Data Clumps:

When more than one piece of data is often found together, it is referred to as a data clump. Identical classes of variables appear in various sections of the code at times such as parameters for connecting to a database. These clumps can be separated into groups. These data classes are often the result of weak program structure. If you want to be certain that any data is a data clump, simply remove one of the data values and see if the other values still make sense. If this is not the case, it is a good indication that this set of variables can be merged into a single object.

With different situations, the ways to deal with data clumps also change. If the field of the class contains repeated data, you can use Extract Class to separate the fields into their own class. Or you can introduce a Parameter Object to set them apart as a class if the same data clumps are passed in the parameters of methods. This improves code comprehension and organization. Instead of being strewn around the code, operations on specific data are now gathered in one location. As a result, the code size is also reduced

Duplicated Code:

While there are projects that allow you to duplicate chunks of code from a common repository that is publicly available, it is not a reliable practice. Many programmers who lift code off of sources like GitHub do not verify the integrity of the code. While it is okay to make use of old code, refactoring code should also involve checking and auditing your duplicated code. You need to refactor code before implementing it into your project. You can also create abstract classes for commonly used code or adopt unique design patterns to ensure you do not have code smells. 


You may like: What is duplicate code?

 

Mismanaged Class Size:

SOLID design principles are meant to help developers achieve flexible, maintainable, and understandable software. Most programmers implement SOLID design principles but often mismanage the single-responsibility principle. The most common code smell arises out of programmers who end up writing bloated classes with thousands of lines of code. It is very difficult to maintain bloated code which is why having a single-responsibility principle in your coding guidelines is a must.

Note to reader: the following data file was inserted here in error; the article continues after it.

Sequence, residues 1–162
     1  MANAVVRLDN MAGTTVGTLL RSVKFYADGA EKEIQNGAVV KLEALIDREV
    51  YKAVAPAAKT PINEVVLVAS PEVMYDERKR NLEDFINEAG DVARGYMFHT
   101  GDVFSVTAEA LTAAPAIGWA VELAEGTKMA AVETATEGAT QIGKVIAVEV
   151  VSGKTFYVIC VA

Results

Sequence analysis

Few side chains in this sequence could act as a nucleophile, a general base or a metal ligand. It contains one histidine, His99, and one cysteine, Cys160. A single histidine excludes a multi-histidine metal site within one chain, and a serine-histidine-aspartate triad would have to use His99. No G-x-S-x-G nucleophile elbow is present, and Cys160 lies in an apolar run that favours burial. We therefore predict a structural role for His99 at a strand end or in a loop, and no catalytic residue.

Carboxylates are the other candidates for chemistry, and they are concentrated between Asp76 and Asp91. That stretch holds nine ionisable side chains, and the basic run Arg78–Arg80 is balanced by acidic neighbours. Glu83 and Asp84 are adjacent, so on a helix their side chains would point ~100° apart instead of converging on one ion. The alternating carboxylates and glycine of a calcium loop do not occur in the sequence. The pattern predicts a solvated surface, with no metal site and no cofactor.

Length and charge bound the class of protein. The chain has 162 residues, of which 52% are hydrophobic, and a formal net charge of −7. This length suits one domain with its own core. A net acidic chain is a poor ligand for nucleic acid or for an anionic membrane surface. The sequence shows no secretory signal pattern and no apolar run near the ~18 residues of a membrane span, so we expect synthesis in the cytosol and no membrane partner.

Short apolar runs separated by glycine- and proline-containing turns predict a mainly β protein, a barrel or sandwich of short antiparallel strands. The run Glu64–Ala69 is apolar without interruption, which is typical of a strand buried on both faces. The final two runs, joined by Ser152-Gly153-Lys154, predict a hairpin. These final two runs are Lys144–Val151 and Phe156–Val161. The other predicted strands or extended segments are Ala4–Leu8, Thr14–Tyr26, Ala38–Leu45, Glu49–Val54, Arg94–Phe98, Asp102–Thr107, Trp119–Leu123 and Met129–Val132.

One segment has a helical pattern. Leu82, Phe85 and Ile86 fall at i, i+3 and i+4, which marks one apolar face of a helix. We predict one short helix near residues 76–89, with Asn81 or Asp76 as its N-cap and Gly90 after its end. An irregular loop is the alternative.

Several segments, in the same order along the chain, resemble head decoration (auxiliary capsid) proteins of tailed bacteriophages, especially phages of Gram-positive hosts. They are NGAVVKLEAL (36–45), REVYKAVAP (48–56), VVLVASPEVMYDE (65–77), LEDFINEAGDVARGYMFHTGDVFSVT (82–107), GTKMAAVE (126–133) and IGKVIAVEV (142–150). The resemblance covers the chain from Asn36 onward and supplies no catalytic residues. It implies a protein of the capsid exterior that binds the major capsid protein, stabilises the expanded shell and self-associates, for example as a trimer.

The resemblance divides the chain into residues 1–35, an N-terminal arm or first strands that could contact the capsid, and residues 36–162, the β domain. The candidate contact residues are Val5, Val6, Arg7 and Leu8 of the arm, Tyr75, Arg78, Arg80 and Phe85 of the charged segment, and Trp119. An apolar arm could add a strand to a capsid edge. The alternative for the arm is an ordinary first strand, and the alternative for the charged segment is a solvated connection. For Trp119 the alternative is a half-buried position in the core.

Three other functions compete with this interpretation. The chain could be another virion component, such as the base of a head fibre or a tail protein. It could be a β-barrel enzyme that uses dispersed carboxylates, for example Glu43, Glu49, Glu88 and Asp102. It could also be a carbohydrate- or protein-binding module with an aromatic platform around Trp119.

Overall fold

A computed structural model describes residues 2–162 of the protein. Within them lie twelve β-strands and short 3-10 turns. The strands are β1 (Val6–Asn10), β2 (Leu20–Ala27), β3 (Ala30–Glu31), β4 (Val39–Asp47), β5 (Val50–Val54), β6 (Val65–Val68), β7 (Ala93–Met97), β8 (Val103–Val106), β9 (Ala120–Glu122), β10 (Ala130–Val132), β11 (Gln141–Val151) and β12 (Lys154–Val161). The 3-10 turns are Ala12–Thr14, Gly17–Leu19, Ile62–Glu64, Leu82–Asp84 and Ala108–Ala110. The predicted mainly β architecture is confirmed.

Other programmers, on the other hand, take the single-responsibility principle too seriously and have small class sizes that are hard to refactor or maintain. Your class sizes should be moderate in size and should make sense. Striking the right balance when creating classes is important to ensure you do not have too little or too many lines of code in your program.

 

Poor Method Names:

Developers tend to overlook naming for their methods. All methods end up being named in a generic fashion which makes conveying anything to code auditors very difficult. While it can be difficult to find the right name for your method without deep diving into your code, poor method names make it even harder for developers who want to understand your code.

There needs to be consistency in your method naming to ensure developers can simply look at the names and understand what they do. But you also need to not be obsessed with poor method names which can be too difficult to interpret. Names that are full of text or unreadable can make auditing or understanding code very difficult. 

 

Comments:

It is important to leave comments in your code to help developers understand your code. But leaving too many comments ruins the flow of your code. Comments can be very helpful when it comes to explaining the logic behind specific parts of your code. But developers tend to overuse comments and there is absolutely no reason to leave comments for every step of your program. It is a bad idea to have excessive noise in your code and it can render reading your code very difficult. Self-documenting coding practices is the best way forward when it comes to leaving comments.

Your code should be self-explanatory and allow developers to understand it with minimal comments. Documentation comments are important but overusing them can lead to problems. Your comments should focus on why you chose to write a certain piece of code instead of what it does. Most developers who audit are fully capable of understanding code but helping them understand your coding methods is very helpful. 

 

Conditional Statements:

Your strategy patterns need to be backed up by conditional statements. Most developers do not make use of conditional statements while on the other hand, some developers make use of statements far too often. You should avoid having large conditional blocks in your code that make reading code difficult. Large blocks of conditional statements can bloat your code and make your code spell. It is important to have the right strategy and keep your code as streamlined as possible. You can refer to similar programs that are in the market for reference. 

 

Recommended read: Everything you need to know about Code Smells

 

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Takeaways 

These are the top five signs that you need to look out for to find out if you have code smells. It is important to keep your code as concise as possible while also leaving enough comments to ensure developers understand your code and can easily audit it. It is your responsibility to prevent code smells and adopt the best coding practices. Making a habit of preventing code smell reduces the amount of effort it takes to audit, patch, or copy over code for future projects.